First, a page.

This was always quite nonstandard, and we always needed to do weird things to make it happen. We always kind of misused Qt to hammer it into shape for that. And we always feared that it might break with the next Qt release, and that we might have a hard time to make it work again.

This time has now come with bug#1139967, but we were lucky enough to find a Qt call to bring it back to life; a QEventLoop::wakeUp() call fixed it. We don’t quite know (yet) why, though. Any hint, anyone?.

Should we even tell you that? Well, we think you deserve to know. After all, it worked well for about 20 years (!)… and now it’s working again.

The Refactoring of YaST Network Keeps Going

What is still not working that fine is the revamped network management. We have been working on it during the latest sprint, but it will take at least another one before it’s stable enough to be submitted to openSUSE Tumbleweed.

On which parts have we be working during the this sprint? Glad you asked! 😉 We are cleaning the current mess in wireless configuration. Soon that part will be more intuitive and consistent with other types of network. We are also making sure we propose meaningful defaults for the new cards added to the network configuration (all types of cards, not only wireless). The functionality to configure udev in order to enjoy stable names for the network interfaces has also received some love. The new version is more stable and flexible. And last but not least, we are improving the device activation in s390 systems for it to be more straightforward in the code and more clear in the user interface.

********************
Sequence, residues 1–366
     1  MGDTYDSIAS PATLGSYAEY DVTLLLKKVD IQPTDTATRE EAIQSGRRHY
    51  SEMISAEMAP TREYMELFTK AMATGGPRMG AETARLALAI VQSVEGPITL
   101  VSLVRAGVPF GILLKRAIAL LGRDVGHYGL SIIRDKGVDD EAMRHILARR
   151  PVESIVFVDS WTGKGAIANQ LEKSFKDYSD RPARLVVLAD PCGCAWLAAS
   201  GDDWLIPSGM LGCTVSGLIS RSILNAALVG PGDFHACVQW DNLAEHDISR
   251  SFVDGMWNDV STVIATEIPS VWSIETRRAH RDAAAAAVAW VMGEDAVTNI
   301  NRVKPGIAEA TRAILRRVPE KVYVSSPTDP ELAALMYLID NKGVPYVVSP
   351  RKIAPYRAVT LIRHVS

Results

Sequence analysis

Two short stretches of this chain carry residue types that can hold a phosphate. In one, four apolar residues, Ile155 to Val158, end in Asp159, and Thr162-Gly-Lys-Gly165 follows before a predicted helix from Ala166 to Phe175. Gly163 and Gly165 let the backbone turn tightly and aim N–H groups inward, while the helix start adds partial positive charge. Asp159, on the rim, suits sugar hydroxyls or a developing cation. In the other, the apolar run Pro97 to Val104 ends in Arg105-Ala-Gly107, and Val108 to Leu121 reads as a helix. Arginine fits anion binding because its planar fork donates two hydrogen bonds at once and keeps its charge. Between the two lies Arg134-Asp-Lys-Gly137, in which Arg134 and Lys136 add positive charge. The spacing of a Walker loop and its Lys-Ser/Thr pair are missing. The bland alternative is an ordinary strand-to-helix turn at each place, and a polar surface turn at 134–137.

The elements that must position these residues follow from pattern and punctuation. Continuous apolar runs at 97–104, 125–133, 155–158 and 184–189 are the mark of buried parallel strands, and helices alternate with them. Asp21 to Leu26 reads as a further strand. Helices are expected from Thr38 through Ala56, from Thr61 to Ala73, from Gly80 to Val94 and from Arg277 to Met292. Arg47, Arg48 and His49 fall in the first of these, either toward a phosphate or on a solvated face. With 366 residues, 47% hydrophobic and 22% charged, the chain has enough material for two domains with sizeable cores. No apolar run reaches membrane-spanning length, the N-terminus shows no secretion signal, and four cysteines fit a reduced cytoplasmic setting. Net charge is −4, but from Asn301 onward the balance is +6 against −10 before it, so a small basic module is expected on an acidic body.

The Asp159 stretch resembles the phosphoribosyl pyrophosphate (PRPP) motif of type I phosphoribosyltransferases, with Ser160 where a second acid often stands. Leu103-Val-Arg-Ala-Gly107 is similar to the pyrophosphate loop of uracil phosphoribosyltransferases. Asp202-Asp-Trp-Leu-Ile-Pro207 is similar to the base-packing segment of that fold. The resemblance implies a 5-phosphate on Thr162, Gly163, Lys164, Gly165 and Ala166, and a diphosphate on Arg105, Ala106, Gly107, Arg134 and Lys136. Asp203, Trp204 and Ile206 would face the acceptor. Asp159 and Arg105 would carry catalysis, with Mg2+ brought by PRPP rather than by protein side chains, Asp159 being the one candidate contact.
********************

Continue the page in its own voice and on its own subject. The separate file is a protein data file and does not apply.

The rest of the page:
If everything goes as planned, by the end of the next sprint we will be ready to submit the improved YaST Network to Tumbleweed. That will be the right time for a dedicated blog post with screenshots and further explanations of all the changes.

Enhancing the Partitioner Experience with Encrypted Devices

And talking about ongoing work, we are currently working to broaden the set of technologies and use-cases the Partitioner supports when it comes to data encryption. As with the network area, the big headlines in that regard will have to wait for future blog posts. But if you look close enough to the user interface of the Partitioner available in Tumbleweed you can start spotting some small changes that anticipate the upcoming new features.

The first change is very subtle. When visualizing the details of an encrypted device, next to the previously existing “Encrypted: Yes” text you will now be able to see the concrete type of encryption. For all devices encrypted using YaST, that type will always be LUKS1 since that’s the only format that YaST has supported… so far. 😉